How To Pick A Paint Color You Wont Regret

Two years ago, we painted a major living area in our home—a large, open-concept space that contains our family room and kitchen, with high ceilings and lots of natural light. We took it from a garish mustard yellow to white. The room now looks so light, so bright, so green.

How could this be? It turns out, our home is surrounded by trees, and during the day, the light flooding through the windows carries a green tint, which shows up on our white walls. We hadn’t considered this possibility when we’d picked what we thought was the perfect shade of white. Oops.

The fact is, as simple as it may seem to pick a paint color, there’s a host of factors to consider beyond the colors you like. Even when you narrow it down, for each color there are literally hundreds of shades and sheens, and each will look a bit different depending on where it’s painted.

So how do you choose the right one? Here are some factors experts say you should consider to find a color you won’t regret.

Determine what mood you want the space to convey

Before you determine how you want to paint your space, you want to consider why you’re painting it. Paint has the power to significantly change a room, but it’s important to determine the goal for that change.

Erika Woelfel, vice president of color and creative services at Behr Paint, says an important consideration is mood.

“When people are looking at a painting project, they’re usually looking for a transformation to happen, and mood is a big part of that,” Woelfel says. “So how you want the room to feel is often a good way to help determine the right color. For example, a brighter room is more energetic, while neutrals are calmer.”

Are you looking for a bright and peppy perk-up, or are you craving a tranquil escape? Asking yourself these kinds of questions can help you at least determine a starting point on the color spectrum.

Keep tabs on what colors are in the room already

Woelfel says people also often forget to consider an entire space when choosing a color. Inside, that means coordinating colors with things like the cabinetry, flooring, and hardware. The same idea holds true outside.

“In the excitement of selecting paint colors for the exterior of a home, you can forget to consider the colors of the architectural details you aren’t painting or changing,” says Jessica Barr, national trainer and paint application expert for Behr Paint. “Make sure the colors of the shingles, brick, stonework, and light fixtures complement the exterior paint colors you choose.”

Pick a paint sheen, too

Once you choose the color, you’re not done—you must also consider a paint’s finish, which cannot be accurately evaluated through an app. In general, the choices fall into three categories: flat or matte, satin, and semigloss or gloss. They determine how reflective a paint is and can significantly affect how a particular paint color looks on your walls.

“People very often forget to consider the sheen of a paint,” Woelfel says. “The higher the sheen, the deeper the color looks. When it’s flat or matte, the light gets absorbed, but when it’s glossy, the color looks deeper, because there’s a shine to that surface.”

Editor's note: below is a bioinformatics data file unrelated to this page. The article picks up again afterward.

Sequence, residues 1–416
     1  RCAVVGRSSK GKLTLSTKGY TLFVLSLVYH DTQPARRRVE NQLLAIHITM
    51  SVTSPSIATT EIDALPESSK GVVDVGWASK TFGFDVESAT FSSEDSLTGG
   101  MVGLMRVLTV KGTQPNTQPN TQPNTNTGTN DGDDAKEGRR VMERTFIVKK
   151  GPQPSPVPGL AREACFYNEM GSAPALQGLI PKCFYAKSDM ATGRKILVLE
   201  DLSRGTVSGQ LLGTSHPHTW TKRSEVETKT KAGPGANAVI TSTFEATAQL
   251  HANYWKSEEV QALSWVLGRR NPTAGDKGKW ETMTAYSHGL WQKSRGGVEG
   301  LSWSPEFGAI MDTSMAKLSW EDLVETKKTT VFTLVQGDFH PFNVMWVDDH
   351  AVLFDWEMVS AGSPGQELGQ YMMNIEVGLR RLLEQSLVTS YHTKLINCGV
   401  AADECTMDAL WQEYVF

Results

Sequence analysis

You must also consider where you’re applying that paint. For example, higher-gloss paints tend to be easier to clean, so they’re better for high-traffic areas, although they do highlight imperfections. Matte paints are more difficult to clean, but they’re better at hiding imperfections and may be good for ceilings and hallways. Satin finishes fall somewhere in the middle, and are a popular choice for bedrooms, living rooms, and playrooms.

Use paint color apps to test it out

Once you have a general idea of the color or colors you like, it’s time to start narrowing things down further. The good news is there are online tools to help you make the right paint choices and set that mood, many of which don’t even require you to leave your couch.

For example, Home Depot’s ProjectColor app lets you snap pictures of various areas of your home, then try out different paints on them. It will make suggestions and help you find versions that coordinate with furniture or other items in the spaces.

Similar functionality can be found with the Sherwin-Williams Color Snap Visualizer and Behr’s Paint Your Place technology.

But don’t depend on these apps entirely. One variable that can’t be accurately reflected in pictures is the light in the space you want to paint.

“The type of light you have in a room really determines how that color looks,” says Barr.

What a color looks like in one room may be different in another, and what looks just fine at one time of the day may look not so fine (in my case, green) at other times.

Try a paint swatch first

The only way to truly see how a paint will look on your walls, considering all these elements, is to actually put some on your walls, also known as swatching. Most brands sell small containers of their paints for this purpose, so you don’t have to buy an entire gallon just to test out a color.

Paint a swatch as large as possible, then observe it at various times throughout the day to see how it changes with the light. Painting various spots throughout the room and observing them in different types of weather is helpful, too.

If it leaves you less than enthused, then it’s time to try something new.


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